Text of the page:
The above-mentioned activities are a basic checklist which were all expedited in the light of the urgency that the pandemic presented itself in terms of the high prevalence and mortality figures. Initially, as the regulations and guidelines took a while to establish, quite a few of our trials were still on-going whereby we conducted home-visits to facilitate our paediatric participants - this we could forsee to change in the near future. Just before the Oxford Vaccine Group approached our team to take part in the COVID-19 vaccine development trial, most of the other studies were put on hold as they did not classify as an urgent public health study anymore and presented a higher risk of staff and volunteers being subjected to th COVID-19 virus.

As part of the Infection and Immunity research institute, our team had an established infrastructure and facilities required to conduct such a fast paced and challenging study. We were an experienced team of chief/ principal investigators, clinical research fellows, research nurses, research midwives and project managers, but nobody had worked under the influence of a pandemic previously. This meant thats everyone's input in this trial from the setup to the recruitment and ongoing follow up phase required an extra effort and sacrifice in time and energy. Thereby, the mental and physical adaption to working in the pandemic environment and successfully manage this trial was not an unfamiliar situation for me but there was an additional pressure of being labelled as a 'critical worker' which increased with time as the numbers of deaths across the globe increased.

Moreover, the preparation, conduction and administration of this trial were very different to the previous trials I had been involved in. We were required to adapt to ever changing and newly emerging information and then subsequently undertake training in a short amount of time in order to be ready to implement the new change. Furthermore, our site recruited more than 400 participants into the trial and as the project manager of the study, I was required to continuously sustain a line of communication with our participantsand keep them informed about the developing changes in the trial. I remember writing to Hazoor (aba) on a monthly basis to request for his prayersin the success of our trial and developement of a vaccine that could help the thousands of people who were suffering from the COVID-19 virus.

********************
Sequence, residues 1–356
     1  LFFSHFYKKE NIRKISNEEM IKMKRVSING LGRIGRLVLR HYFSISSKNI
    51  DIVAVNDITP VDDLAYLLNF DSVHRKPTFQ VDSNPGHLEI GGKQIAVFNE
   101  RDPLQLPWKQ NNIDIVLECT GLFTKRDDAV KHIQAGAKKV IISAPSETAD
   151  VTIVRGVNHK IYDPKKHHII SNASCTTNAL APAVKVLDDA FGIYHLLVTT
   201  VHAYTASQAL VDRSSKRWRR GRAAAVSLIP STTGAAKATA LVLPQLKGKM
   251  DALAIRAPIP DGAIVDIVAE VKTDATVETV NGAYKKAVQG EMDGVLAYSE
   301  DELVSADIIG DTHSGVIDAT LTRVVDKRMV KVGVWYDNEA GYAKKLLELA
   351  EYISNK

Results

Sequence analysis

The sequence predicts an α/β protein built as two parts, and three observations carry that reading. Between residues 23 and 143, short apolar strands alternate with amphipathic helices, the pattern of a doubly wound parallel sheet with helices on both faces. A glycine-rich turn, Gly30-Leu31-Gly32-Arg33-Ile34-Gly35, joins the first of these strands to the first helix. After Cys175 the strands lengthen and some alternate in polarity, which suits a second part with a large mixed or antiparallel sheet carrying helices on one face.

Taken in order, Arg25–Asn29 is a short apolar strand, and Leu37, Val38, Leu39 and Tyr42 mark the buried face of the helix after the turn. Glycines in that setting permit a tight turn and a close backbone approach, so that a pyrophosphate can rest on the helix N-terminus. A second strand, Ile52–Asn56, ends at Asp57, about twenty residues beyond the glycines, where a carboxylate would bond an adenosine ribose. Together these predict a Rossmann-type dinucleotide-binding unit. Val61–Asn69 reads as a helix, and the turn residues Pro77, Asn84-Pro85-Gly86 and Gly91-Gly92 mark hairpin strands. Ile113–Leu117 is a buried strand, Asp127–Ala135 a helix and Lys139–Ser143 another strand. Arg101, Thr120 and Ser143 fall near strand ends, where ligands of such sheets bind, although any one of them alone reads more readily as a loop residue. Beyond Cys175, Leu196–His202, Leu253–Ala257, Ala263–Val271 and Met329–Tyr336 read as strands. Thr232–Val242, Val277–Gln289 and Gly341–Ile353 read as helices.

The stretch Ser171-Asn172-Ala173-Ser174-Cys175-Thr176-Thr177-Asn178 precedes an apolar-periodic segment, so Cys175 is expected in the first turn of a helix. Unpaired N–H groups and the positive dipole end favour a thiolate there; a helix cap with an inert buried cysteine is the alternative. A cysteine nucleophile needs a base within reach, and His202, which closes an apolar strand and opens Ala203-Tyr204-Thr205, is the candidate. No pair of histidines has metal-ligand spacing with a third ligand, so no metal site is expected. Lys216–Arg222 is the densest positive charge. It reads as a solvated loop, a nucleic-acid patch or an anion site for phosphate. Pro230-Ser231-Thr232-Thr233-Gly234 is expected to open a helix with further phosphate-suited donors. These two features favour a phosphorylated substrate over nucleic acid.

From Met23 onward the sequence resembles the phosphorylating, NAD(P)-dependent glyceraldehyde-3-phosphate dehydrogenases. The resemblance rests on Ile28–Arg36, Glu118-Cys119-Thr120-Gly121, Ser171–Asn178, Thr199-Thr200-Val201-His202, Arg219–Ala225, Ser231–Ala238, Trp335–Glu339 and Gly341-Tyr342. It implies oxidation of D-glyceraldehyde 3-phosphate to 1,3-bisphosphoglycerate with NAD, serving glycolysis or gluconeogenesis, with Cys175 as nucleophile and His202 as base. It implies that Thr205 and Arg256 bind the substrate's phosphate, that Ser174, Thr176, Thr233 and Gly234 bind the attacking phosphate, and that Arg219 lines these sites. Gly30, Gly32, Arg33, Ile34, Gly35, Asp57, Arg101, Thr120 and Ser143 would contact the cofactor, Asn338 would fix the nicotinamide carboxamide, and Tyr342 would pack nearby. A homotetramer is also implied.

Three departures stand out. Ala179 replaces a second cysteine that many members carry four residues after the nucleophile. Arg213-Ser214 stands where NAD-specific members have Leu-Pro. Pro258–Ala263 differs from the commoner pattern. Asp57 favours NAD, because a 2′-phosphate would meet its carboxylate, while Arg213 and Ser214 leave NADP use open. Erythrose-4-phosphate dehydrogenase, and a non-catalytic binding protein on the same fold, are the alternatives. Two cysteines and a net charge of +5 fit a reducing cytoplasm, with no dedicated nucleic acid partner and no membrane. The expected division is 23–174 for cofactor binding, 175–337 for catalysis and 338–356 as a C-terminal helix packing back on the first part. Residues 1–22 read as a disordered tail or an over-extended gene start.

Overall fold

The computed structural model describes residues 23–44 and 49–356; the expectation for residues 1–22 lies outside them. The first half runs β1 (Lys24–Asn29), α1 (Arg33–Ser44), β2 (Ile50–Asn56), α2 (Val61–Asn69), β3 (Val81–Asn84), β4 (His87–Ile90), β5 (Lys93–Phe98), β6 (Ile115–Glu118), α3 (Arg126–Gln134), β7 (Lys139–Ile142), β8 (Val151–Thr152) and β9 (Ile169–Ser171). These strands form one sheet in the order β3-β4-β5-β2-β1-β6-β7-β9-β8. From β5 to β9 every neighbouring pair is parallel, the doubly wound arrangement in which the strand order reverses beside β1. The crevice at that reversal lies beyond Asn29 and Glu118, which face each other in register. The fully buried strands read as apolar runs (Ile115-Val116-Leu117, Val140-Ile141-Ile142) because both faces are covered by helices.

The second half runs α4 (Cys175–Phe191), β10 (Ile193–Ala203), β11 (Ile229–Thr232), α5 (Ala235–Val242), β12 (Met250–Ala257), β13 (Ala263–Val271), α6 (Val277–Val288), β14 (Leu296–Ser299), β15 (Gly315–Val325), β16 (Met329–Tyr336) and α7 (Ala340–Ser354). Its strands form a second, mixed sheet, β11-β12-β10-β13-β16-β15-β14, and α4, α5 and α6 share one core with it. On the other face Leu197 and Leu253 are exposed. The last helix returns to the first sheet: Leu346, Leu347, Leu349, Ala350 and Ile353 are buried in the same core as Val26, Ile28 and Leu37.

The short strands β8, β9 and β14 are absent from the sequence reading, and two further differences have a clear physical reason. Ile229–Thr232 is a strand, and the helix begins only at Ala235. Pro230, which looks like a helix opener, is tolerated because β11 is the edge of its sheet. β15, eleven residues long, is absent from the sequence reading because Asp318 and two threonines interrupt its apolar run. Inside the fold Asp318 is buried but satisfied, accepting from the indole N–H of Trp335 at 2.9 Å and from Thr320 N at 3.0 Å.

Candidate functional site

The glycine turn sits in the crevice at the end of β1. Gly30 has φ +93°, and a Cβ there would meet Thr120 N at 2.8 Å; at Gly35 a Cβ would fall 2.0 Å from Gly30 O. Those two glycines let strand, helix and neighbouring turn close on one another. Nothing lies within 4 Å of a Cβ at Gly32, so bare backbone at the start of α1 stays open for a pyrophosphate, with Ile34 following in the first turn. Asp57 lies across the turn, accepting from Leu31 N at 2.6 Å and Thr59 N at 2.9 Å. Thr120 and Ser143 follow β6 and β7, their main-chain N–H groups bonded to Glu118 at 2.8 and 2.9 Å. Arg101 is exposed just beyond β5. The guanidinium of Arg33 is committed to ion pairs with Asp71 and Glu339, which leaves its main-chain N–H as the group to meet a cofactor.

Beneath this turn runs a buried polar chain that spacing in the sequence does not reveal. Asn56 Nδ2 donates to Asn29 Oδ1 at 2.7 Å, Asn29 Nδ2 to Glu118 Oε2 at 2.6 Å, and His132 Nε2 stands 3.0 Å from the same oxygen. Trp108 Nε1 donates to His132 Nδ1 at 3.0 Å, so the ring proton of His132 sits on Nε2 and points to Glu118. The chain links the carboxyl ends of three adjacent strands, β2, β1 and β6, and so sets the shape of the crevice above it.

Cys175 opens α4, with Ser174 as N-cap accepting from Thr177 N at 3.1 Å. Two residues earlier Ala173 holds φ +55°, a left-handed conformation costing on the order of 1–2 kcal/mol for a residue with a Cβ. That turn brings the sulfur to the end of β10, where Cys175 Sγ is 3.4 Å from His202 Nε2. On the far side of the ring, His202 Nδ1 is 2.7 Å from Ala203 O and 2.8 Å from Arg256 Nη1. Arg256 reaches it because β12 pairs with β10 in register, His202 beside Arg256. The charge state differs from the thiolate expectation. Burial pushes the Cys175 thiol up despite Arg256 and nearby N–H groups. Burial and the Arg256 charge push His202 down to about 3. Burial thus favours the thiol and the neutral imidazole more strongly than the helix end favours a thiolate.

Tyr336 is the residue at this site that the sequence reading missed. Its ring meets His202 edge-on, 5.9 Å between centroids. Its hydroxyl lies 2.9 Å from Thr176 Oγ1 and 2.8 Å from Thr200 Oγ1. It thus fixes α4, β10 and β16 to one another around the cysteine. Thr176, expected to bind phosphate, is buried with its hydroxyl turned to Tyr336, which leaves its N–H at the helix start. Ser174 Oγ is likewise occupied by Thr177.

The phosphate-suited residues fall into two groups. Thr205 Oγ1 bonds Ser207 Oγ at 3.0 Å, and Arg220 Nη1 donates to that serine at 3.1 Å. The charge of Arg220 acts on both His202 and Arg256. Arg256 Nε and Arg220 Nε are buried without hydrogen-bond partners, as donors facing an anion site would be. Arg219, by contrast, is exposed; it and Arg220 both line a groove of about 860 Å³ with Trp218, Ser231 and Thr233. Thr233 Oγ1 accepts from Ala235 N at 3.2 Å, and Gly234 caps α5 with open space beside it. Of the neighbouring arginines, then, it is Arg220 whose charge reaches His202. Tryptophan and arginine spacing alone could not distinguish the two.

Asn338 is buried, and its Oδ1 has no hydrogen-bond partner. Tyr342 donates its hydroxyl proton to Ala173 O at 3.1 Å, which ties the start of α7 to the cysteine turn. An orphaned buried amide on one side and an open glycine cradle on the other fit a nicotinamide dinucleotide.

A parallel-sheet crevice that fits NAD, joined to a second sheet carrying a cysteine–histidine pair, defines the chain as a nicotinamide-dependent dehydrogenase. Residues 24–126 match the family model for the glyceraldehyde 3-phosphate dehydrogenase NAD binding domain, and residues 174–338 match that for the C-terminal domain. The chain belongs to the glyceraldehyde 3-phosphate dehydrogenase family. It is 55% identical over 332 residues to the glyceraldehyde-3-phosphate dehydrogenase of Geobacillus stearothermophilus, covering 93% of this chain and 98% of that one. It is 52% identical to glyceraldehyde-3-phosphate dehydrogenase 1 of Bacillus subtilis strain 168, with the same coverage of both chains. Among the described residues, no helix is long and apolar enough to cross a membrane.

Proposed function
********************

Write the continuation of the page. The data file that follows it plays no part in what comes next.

As the project manager of this trial, I was responsible for ensuring the current study procedures were being followed, within the allocated budget and in compliance with the regulatory requirements. Additionally:
1Coordinating and managing the collection of research follow-up data according to the trial protocol
2Ensuring data is collected on time and study visits were being held on time
3Communicating with trial participants
4Completing trial monitoring procedures
5Keeping the investigator site file up to date with the current documents and any new amendments that were received
6Ensuring new team members were appropriately trained prior to working on the trial: it was mandatory to hold a good clinical practice certificate and be familiar with study standard operating procedures
Prior to the pandemic, I was managing 6-8 trials at the same time but the major difference this time around was the complexity and the scale of the COVID-19 vaccine development trial whih required an extraordinary amount of effort and commitment. I certainly feel that my training and experience serving the Jama'at presented itself as a blessing in disguise. Having served in the national General Secertary team and having volunteered in MTA on a regular bases for 12 years, provided me the basis of self-discipline, steadfastness and resilience to working under pressure which were all skills I could transfer into this job.